Experimental Zika Vaccine To Begin Human Trials

Brazil has seen many thousands of cases of Zika-related microcephaly in newborns in the last few months alone. Mario Tama/Getty Images

Zika continues to spread across the world, and many are rightfully worried about its proliferation across the Northern Hemisphere during the upcoming summer months. However, scientists may be about to add a powerful weapon to their arsenal in the fight against the virus: The first experimental Zika vaccine to be tested on humans is expected to be deployed in the next few weeks.

As reported by the Guardian, the pharmaceutical company Inovio have just received approval from the US-based Food and Drug Administration (FDA) to commence a small clinical trial. The company plans to test the vaccine on 40 healthy human adults, and represents “phase one” of testing – researchers will look at the body’s immune response to the vaccine first and foremost.

“As of May 2016, 58 countries and territories reported continuing mosquito-borne transmission of the Zika virus; the incidences of viral infection and medical conditions caused by the virus are expanding, not contracting,” Inovio’s president and CEO, Dr J. Joseph Kim, said in a statement. “We are proud to have attained the approval to initiate the first Zika vaccine study in human volunteers.”

An illustration of the Zika virus. AuntSpray/Shutterstock

GLS-5700, as the experimental dosage is dubbed, contains synthetic segments of Zika viral DNA, which the body will hopefully see as a threat and kick-start an immune system response in order to isolate and destroy it. Although not yet confirmed by the FDA, Inovio say that this is the first DNA vaccine approved for use in humans in the US. It has already been tested on small and large animals, but in order to truly test its effectiveness, human participants are, as always, required.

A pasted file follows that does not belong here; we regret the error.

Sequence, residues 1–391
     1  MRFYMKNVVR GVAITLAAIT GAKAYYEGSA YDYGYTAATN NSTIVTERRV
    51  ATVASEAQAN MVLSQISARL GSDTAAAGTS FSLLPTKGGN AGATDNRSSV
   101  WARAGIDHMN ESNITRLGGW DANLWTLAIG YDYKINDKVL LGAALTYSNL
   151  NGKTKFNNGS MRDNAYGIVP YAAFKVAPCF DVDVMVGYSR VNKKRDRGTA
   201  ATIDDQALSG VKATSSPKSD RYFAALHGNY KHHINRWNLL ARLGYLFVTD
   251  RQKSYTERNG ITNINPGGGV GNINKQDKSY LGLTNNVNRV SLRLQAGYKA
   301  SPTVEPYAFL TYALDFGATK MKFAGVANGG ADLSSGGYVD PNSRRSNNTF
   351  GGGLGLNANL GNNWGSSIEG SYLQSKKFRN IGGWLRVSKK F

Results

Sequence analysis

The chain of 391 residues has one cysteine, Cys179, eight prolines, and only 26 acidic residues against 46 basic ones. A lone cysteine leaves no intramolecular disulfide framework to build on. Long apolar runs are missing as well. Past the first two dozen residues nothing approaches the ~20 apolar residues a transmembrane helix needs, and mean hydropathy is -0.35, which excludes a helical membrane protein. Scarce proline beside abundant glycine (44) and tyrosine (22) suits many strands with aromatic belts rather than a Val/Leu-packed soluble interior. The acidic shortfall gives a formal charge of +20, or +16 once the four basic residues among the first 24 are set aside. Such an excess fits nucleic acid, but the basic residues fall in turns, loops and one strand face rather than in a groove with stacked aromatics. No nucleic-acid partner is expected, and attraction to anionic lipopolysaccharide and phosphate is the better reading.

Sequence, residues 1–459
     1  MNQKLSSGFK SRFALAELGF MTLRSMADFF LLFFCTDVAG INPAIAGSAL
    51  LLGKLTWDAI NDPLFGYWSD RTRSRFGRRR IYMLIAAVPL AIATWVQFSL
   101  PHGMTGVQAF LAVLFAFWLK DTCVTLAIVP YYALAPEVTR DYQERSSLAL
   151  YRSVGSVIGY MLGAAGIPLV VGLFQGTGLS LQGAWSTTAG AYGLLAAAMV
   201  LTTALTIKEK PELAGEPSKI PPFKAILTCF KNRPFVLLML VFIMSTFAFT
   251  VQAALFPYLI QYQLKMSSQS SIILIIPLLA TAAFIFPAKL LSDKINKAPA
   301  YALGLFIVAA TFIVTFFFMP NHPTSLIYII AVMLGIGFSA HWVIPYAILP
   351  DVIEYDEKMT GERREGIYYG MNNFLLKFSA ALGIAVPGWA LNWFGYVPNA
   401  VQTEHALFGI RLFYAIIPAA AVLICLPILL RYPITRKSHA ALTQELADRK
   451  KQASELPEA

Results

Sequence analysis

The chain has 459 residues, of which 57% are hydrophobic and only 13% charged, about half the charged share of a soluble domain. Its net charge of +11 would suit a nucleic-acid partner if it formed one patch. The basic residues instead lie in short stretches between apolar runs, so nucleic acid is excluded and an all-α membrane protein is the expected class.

Most vaccines are produced through a process known as “live attenuation”, wherein cultures of the pathogen are grown before being subsequently weakened to the point wherein it is safe to give to a person in order to provoke a powerful immune response.

A DNA vaccine, a relatively recent invention, involves directly administering genetically engineered DNA – based on the virus’ RNA – straight into the person, whose immune system will immediately recognize as containing hostile molecules of infection (“antigens”) and produce antibodies to it in response.

The advantages of DNA vaccines are that they are more stable than their attenuation counterparts, and the immune response triggered involves multiple types of white blood cells. Although initially effective, researchers have yet to demonstrate that they provide the same long-term immunity that attenuation vaccines feature.

Unfortunately, this new vaccine, if successful in phase one trials, will still not be on the market in the near future. Making sure a vaccine is completely safe to administer takes considerable lengths of time, and as the prime candidates are pregnant women, future trials will have to be particularly robust.

Rio, Brazil, is the epicenter of the viral outbreak, and the Olympics are due to take place there this summer. It's a bad combination. f11photo/Shutterstock

The Zika virus has been out of the news for a month or so, but global health officials remain deeply concerned about it. It currently has no cure, it has been conclusively shown to cause microcephaly in newborns, and it has a propensity towards destroying neurons. Its central pooling of cases remains highest, by far, in the state that is hosting the Summer Olympics this year, and many are calling for them to be moved or canceled in order to prevent a “full-blown global health disaster.”

This vaccine may prove to be a welcome step, but there’s a long way to go before the tide will turn against the Zika pandemic.

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